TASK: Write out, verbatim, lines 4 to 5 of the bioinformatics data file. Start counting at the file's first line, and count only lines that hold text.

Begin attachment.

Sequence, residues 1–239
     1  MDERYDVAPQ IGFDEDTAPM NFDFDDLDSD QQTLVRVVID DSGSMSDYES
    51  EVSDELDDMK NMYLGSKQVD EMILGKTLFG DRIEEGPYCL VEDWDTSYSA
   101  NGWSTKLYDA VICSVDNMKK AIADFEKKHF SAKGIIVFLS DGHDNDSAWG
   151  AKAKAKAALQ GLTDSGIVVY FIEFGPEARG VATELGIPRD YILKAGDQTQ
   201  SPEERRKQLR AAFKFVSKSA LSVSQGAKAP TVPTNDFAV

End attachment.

   101  NGWSTKLYDA VICSVDNMKK AIADFEKKHF SAKGIIVFLS DGHDNDSAWG
   151  AKAKAKAALQ GLTDSGIVVY FIEFGPEARG VATELGIPRD YILKAGDQTQ